There are a lot of advantages to using raised beds to grow vegetables. One of the main ones is the ease of use. Especially if you have a bad back or have trouble getting up and down.
Let’s take a look at a few more of the raised bed gardening plus-points.
- You can grow a lot of crops in a small area
- You have more control over the quality of the soil inside the raised bed than you do in a traditional garden
- Raised beds are easy to manage if they’re built to a manageable size (hint: you should be able to reach the centre of the bed from at least two sides, without walking on the soil)
- Plants inside a raised bed are easier to water and feed because they’re closer together (and there’s less waste)
- There’s less soil compaction because there’s no need to walk on the soil inside the bed
- Fewer weeds because of plant density (less weeding – yay!)
Perhaps the only disadvantage to using raised beds is they need building and filling. But the building part is something you do only once. After that, all you need to do is top up the soil inside the bed each year with compost. This will eventually break down and feed the soil underneath.
You probably don’t need any more convincing, so let’s take a look at some of the materials you can use to build raised beds.
Use wooden blocks bought it kit form
You can construct a raised bed using wooden blocks and pegs. They come in kit form with a set of instructions for you to follow. You knock the plastic fixings into the holes in the blocks to join them together. They are an attractive, but expensive choice, in my opinion.
You must look after the timber as you maintain your decking. Treat it with a preservative every few years to keep it looking good. They are not suitable for building large raised beds because their strength comes from the box shape.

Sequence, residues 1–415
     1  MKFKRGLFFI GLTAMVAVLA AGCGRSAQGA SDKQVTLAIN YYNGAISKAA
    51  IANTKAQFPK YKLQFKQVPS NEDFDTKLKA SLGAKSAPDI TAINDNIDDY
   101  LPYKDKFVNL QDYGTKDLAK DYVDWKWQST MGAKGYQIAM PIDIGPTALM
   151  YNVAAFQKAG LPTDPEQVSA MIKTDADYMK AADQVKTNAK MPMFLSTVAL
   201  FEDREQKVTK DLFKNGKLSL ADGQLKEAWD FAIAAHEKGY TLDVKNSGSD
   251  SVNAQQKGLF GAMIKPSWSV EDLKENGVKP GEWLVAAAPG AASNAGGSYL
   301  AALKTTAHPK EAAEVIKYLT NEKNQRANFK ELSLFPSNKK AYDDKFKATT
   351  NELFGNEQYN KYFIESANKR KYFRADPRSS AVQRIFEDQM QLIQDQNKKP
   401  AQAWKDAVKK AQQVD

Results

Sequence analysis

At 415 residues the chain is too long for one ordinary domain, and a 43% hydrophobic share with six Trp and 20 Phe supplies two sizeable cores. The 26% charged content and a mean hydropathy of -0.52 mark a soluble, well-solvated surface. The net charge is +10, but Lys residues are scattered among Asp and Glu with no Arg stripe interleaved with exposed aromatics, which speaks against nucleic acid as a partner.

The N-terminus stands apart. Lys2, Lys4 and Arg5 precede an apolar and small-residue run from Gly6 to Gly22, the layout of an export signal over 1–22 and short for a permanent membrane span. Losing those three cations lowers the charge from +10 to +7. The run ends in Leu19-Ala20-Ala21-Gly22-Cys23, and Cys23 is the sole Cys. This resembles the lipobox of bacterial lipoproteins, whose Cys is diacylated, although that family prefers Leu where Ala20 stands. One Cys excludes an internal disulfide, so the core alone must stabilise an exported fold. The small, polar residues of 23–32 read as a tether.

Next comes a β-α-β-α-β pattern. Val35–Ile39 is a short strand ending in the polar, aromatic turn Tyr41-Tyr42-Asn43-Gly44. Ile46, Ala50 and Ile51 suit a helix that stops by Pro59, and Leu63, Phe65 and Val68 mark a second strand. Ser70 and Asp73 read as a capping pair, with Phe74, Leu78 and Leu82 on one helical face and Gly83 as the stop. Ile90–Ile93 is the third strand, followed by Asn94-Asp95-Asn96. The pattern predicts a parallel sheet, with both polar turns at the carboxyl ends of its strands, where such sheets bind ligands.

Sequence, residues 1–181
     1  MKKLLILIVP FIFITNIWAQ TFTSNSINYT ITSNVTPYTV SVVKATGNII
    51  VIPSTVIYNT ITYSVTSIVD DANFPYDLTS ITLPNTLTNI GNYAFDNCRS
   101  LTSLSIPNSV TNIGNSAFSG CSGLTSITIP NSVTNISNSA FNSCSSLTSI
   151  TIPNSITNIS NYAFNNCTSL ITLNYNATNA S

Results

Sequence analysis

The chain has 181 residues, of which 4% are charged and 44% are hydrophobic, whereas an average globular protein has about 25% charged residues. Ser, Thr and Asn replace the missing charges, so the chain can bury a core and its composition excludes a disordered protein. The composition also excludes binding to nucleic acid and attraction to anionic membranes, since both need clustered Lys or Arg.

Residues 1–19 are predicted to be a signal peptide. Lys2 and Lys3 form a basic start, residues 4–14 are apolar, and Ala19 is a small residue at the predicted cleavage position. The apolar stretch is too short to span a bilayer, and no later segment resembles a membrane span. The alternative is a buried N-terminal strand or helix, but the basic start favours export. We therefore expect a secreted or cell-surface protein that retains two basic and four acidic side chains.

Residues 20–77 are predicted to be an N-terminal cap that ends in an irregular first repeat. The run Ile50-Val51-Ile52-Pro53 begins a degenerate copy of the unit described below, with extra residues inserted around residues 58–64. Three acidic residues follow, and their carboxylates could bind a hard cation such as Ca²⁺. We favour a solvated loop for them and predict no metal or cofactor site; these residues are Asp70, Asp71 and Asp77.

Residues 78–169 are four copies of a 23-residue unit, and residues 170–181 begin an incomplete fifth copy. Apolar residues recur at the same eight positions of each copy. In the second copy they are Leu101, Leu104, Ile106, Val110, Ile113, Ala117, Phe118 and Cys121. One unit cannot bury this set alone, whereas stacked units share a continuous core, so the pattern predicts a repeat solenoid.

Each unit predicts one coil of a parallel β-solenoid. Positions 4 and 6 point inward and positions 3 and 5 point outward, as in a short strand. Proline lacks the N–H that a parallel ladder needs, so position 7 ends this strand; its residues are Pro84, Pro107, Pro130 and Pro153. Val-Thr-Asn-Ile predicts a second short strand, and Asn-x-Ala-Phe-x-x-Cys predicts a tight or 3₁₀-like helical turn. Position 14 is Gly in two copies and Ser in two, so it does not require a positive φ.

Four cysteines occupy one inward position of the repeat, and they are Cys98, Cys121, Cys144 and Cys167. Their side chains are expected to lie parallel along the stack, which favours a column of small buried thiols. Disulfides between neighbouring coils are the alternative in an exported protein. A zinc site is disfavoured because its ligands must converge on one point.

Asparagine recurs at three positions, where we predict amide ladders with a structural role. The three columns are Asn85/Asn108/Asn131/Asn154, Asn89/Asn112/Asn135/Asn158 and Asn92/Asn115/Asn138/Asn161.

Bricks or Blocks
If you want a permanent solution for your garden, think about using bricks or blocks to create them. Here is how to build one yourself.
- Dig a foundation trench for your wall. Make it twelve inches wide by eight inches deep.
- Half fill the trench with sand and hardcore, and ram it until it is solid. Take your time on this part of the job; it is crucial to the strength of the structure.
- Fill the rest of the trench with concrete and allow it to set overnight.
- Lay the bricks or blocks up to the level that you require. Check the levels regularly to make sure the wall is true.
- Line the raised bed with a waterproof membrane.
- Fill the bed with soil and compost.
The third, and most attractive method of building raised beds is with reclaimed railway sleepers. You have two options; either lie and stack them horizontally or dig a trench and bury them vertically. The advantage with the latter is that you can cut a wave shape into the top of the sleepers, with a chainsaw.
If you are laying the sleepers horizontally, you must drill and fix them together with long coach bolts. It is hard work, and you will need a socket and wrench for driving the fixings. Stagger all of the joints and overlap the corners.
Sleepers look natural in the garden and give it a rustic feel. They will last for decades because of the preservation treatments they received when they were new.
The effort you put into raising the beds now will repay you tenfold in years to come. They are attractive garden features too, so it is a win-win project. I think it’s time I made a start on mine; time is wasting.